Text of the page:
Vicente Zambada Niebla was arrested in 2009 and slapped with numerous drug-trafficking indictments upon his extradition to the United States.
At 43 years old, he faces substantial time behind bars for his work in the Sinaloa Cartel, an organisation that he alleges is now being run single handedly by his father Ismael ‘El Mayo’ Zambada, who has so far evaded arrest, apparently through his vast connections in police and government.
In the ongoing case of El Chapo, who is now on trial in New York, defense lawyers have tried relentlessly to point the blame at El Mayo. Guzman was merely a pawn argues his defense, and the largest drug dealer of the Mexican cartel continues to walk free – despite evidence against El Chapo continuing to build up against him.
The new year welcomed the trial’s most explosive witness yet, as Zambada junior agreed to testify against El Chapo, in a cooperation bid that would hope to lessen his current sentence. Son to a cartel leader, his insight has joined up the dots across the countless witnesses before him, and the results have been explosive.
‘‘We learned everything from the fact that his father, Mayo Zambada, Chapo’s partner, regularly had a monthly bribery budget of $1 million – I’ll say it again, that’s monthly – to pay off corrupt officials in Mexico,’’ explained Alan Feuer of The New York Times, who has been sitting in on the trial. ‘‘We learned how the cartel used submarines to smuggle drugs up from Colombia to Mexico. We learned that they then crossed those drugs into the United States in everything from trains with secret compartments to tractor trailers where the drugs were stuffed in between pallets of frozen meat. He took the jury through virtually every aspect not only of the cartel’s operations but even down to the level of its kind of petty politics and personal vendettas.’’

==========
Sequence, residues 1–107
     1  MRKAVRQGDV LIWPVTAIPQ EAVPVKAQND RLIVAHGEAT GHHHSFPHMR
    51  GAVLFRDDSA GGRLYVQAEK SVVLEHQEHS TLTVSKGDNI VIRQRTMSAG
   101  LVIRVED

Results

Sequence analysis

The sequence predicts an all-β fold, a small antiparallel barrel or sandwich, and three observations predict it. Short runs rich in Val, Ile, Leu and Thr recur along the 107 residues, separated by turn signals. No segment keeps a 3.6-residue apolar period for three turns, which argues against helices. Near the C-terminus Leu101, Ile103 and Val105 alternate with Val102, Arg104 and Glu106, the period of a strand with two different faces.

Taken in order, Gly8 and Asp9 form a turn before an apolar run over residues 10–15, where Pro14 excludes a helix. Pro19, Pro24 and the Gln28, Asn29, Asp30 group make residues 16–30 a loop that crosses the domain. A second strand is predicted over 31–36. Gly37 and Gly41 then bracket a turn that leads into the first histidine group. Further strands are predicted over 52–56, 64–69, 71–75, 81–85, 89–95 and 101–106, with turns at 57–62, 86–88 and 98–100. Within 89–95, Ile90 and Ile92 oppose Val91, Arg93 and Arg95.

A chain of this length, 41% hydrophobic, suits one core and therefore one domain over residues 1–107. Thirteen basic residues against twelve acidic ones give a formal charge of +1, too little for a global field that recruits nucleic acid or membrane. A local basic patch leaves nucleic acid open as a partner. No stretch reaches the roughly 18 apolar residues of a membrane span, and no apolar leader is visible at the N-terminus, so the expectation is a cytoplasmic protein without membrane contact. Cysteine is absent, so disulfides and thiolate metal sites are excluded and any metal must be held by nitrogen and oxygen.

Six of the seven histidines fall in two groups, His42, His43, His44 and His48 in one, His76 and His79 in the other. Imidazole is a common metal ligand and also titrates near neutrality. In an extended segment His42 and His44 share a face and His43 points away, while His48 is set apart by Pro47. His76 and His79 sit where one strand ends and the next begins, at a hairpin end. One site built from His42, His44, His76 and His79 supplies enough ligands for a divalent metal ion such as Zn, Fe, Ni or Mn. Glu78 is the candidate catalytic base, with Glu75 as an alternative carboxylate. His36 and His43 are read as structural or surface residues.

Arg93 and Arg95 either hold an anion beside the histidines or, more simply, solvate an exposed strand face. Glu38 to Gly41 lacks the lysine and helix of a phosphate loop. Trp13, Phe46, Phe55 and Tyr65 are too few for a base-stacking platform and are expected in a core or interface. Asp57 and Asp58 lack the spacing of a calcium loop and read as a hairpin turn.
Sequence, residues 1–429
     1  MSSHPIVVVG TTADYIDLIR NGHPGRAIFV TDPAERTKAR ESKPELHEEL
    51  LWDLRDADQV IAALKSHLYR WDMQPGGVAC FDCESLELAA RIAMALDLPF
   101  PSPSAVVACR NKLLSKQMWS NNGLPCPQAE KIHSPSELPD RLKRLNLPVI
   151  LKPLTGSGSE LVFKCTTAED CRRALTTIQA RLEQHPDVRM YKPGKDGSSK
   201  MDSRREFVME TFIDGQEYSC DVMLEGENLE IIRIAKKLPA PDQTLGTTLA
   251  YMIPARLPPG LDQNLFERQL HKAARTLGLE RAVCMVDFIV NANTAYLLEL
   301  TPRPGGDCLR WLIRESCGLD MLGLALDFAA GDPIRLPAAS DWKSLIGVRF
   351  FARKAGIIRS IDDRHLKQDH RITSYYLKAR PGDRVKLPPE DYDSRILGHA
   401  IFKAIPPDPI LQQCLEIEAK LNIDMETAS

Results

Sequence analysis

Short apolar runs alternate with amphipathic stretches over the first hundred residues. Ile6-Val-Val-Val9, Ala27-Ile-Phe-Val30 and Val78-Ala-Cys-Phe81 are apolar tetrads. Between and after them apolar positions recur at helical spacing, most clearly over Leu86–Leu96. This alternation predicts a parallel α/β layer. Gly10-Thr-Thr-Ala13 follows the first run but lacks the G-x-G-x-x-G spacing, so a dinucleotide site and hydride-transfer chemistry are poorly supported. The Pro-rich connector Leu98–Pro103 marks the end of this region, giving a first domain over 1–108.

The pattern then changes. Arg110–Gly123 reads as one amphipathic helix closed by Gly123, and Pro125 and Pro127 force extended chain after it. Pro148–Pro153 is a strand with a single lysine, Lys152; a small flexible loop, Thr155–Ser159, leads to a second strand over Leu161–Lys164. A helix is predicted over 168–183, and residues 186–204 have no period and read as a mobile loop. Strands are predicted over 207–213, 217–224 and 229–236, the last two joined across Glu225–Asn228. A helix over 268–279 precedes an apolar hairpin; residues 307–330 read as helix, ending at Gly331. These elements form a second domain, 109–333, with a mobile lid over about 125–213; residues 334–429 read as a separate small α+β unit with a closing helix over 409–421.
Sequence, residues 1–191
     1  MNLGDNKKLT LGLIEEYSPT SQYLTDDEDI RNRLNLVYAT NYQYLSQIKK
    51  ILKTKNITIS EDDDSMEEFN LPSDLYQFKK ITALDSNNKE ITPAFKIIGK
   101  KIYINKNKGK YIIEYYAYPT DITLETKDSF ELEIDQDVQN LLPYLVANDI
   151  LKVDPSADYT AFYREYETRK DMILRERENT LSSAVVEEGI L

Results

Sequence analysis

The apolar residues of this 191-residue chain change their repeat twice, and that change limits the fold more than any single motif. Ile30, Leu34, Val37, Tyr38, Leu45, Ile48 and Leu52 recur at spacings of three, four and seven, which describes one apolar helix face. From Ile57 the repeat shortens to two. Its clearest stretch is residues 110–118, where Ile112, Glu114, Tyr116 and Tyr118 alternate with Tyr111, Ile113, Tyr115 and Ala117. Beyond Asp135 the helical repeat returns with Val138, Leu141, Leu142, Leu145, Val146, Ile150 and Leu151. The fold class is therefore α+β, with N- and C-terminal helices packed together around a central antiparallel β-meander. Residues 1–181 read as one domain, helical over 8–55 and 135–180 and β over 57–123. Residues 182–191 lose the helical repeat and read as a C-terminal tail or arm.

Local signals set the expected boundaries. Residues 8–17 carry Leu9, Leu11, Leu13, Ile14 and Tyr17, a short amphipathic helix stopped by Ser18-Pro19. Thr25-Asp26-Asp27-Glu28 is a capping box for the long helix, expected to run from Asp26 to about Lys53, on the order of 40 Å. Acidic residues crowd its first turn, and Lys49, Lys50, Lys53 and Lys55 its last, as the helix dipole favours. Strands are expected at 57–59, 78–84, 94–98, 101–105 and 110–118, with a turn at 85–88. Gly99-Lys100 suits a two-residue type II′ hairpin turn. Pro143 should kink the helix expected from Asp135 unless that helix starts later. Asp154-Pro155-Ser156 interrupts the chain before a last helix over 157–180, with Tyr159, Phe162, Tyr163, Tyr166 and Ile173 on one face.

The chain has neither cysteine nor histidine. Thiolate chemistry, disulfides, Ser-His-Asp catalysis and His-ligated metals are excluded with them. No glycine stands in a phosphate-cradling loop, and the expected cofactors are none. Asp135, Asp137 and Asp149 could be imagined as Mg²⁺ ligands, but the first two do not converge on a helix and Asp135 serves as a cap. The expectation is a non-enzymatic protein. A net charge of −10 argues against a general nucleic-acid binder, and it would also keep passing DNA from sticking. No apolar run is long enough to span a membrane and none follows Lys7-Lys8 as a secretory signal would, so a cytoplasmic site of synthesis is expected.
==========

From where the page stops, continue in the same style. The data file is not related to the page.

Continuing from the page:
That was not the only revelation coming from Zambada junior, who has also attempted to suggest he had been working as a spy for the U.S Authorities prior to his arrest.
The journalist also recounted the serious measures being taken in the courtroom, from a group of sniffer dogs and snipers, in order to ensure no foul play takes place during the trial. A radiation sensor that scans the whole floor of the courtroom might constitute the more extreme protections that security officers are taking.
Although El Chapo has been behind bars for some time now, it is believed that the cartel continues to function despite his imprisonment – pointing overwhelmingly to a truth behind Zambada senior’s influence in the cartel. The Guardian recently also noted, just as with the death of Pablo Escobar in Colombia, little appears to have changed in drug circles except a shift in trafficking routes.
According to the son’s testimony last Thursday and Friday, Zambada senior had agreed to split 50 percent of his cartel’s shipment earnings with El Chapo, who in 2001 was a fugitive after breaking out of prison. Zambada allegedly wanted to help his friend re-establish himself and they were equal partners in the trade.
The most recent witness is also not shy of speaking of the violence and torture all of the leaders ordered to be carried out. El Chapo, according to Zambada junior, always carried a gun, even if he was dancing. The trial continues this week.